Wed, Nov 26, 2003 - Page 1 News List

Army warns of threat of `dirty bombs'

NATIONAL DEFENSE `Unrestricted warfare' as espoused by China could involve the use of nuclear or biochemical weapons in all their various forms

By Brian Hsu  /  STAFF REPORTER

Taiwan is unprepared for a non-conventional attack by China involving nuclear, biological or chemical weapons, the army said yesterday.

"China has been emphasizing the importance of `unrestricted warfare' in the future battlefield," said Major General Huang Hsi (黃喜), director of the chemical department of the army general headquarters, referring to a form a warfare that seeks to destabilize a militarily superior foe.

"The use of nuclear and biochemical weapons is among the methods of conducting unrestricted warfare," he said.

"In response to this type of threat, the army will seek to enhance its capabilities against non-conventional warfare such as unrestricted warfare," Huang said.

Huang made the remarks yesterday at a regular press conference of the Ministry of National Defense as he briefed the press on the army's development of countermeasures against nuclear and biochemical attacks.

Huang singled out the possibility of such attacks by China, a scenario that most military leaders do not want to discuss in public.

Given that the majority of military leaders are ethnic mainlanders, they are usually unwilling to admit the possibility that people of the same blood on the other side of the Taiwan Strait might use such weapons against them.

Huang called attention to the "dirty bomb," a cheap and easy-to-make weapon that China might use before launching wide-ranging non-conventional attacks.

The "dirty bomb" is conventional explosives mixed with radioactive material. There is no nuclear fission or fusion, but the radioactive material is dispersed by the conventional explosives, contaminating a wide area and causing panic.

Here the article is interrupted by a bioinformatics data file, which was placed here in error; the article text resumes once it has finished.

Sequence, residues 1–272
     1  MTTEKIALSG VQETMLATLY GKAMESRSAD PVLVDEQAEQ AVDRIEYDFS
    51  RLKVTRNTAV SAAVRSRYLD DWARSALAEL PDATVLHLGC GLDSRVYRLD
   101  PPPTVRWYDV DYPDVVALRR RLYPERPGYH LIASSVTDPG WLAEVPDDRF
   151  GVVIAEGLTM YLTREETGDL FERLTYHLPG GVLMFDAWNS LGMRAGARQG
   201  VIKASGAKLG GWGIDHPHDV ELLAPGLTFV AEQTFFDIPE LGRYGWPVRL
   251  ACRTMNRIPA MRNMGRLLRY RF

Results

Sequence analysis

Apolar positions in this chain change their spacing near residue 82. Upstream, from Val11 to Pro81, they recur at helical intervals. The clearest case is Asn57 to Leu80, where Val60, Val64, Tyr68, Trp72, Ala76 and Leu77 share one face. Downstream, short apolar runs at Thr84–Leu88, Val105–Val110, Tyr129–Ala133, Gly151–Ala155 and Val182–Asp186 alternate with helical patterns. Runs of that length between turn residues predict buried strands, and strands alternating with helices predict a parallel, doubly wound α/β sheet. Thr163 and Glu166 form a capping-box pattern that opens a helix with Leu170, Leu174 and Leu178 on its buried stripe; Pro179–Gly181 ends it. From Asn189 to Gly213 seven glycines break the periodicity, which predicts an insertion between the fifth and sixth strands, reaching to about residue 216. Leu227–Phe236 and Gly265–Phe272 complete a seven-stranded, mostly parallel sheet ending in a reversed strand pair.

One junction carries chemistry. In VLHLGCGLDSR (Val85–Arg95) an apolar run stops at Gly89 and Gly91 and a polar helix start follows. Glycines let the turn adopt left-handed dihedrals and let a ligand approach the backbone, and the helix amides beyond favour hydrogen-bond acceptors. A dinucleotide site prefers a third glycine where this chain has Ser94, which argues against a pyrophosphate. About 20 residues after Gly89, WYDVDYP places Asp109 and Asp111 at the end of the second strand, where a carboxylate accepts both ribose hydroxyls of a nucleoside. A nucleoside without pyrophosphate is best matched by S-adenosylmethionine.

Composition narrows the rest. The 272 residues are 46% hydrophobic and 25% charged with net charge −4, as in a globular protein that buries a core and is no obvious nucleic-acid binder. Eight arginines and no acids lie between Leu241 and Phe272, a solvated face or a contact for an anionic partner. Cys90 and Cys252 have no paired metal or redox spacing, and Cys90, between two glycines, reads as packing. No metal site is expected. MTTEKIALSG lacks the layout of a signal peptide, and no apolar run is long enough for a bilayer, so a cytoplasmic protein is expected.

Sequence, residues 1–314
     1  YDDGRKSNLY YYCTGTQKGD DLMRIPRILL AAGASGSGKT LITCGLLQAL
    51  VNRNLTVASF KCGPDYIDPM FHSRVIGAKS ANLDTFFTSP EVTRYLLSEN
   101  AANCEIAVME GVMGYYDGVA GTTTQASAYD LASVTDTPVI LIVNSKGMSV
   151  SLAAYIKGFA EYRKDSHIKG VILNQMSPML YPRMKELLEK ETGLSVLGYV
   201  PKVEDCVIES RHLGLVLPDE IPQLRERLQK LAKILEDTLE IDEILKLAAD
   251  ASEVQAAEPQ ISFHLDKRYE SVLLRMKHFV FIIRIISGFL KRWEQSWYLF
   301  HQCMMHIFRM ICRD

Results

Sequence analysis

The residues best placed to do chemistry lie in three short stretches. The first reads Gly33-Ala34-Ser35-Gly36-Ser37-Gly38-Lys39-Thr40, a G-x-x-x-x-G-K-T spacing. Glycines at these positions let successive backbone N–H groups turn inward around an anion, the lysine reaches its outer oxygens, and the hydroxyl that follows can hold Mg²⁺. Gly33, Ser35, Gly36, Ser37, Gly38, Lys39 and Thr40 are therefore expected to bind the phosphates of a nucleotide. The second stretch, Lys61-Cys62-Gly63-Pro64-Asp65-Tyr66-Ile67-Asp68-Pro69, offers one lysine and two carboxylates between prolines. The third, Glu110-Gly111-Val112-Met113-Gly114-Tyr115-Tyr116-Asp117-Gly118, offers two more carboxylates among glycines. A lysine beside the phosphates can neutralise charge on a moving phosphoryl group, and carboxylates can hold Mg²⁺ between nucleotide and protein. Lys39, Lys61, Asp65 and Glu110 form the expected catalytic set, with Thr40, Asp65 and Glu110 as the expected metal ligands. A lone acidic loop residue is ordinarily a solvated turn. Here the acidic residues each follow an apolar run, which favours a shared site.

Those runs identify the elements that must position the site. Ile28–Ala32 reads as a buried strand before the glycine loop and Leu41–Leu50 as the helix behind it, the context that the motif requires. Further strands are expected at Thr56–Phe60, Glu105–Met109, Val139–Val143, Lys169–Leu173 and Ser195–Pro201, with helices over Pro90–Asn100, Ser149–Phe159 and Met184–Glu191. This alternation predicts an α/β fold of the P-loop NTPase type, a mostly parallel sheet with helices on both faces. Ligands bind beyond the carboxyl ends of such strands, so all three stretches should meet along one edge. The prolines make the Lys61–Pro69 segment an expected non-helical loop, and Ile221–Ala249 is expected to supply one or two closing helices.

Huang said the US military had conducted an exercise in May to simulate the impact of a "dirty bomb." Taiwan's military has made a computer simulation of a similar scenario, he said.

"The results of the US exercise show that although no immediate casualties will occur in the wake of a dirty bomb explosion, it can still produce some radioactive fallout that will affect the health of people in the explosion area and pollute the whole environment," Huang said.

"The power of a dirty bomb depends on the amount of radioactive material it contains. A small dirty bomb, for instance, can affect several wards of residents in Taipei," he said. Such a bomb might contain 1kg of radioactive material.

The number of victims could be tens of thousands if the bomb drops into a densely-populated region such as Taipei's Wanhua district around the Presidential Office.

"The US exercise tells us that 160 shelters and 50 medical centers need to be set up to cope with a dirty bomb attack," Huang said.

National Defense Medical College executive dean Colonel Liu Hwang-wun (劉鴻文), who also attended the press conference, said the military currently has only limited ability in handling such attacks.

"We can treat affected people and decontaminate polluted areas but only in a limited way," Liu said.

"As yet, the government has not assigned any department to handle the possibility of dirty-bomb attacks. The military has no guiding principles to follow except those for countermeasures against nuclear and biochemical attacks," he said.

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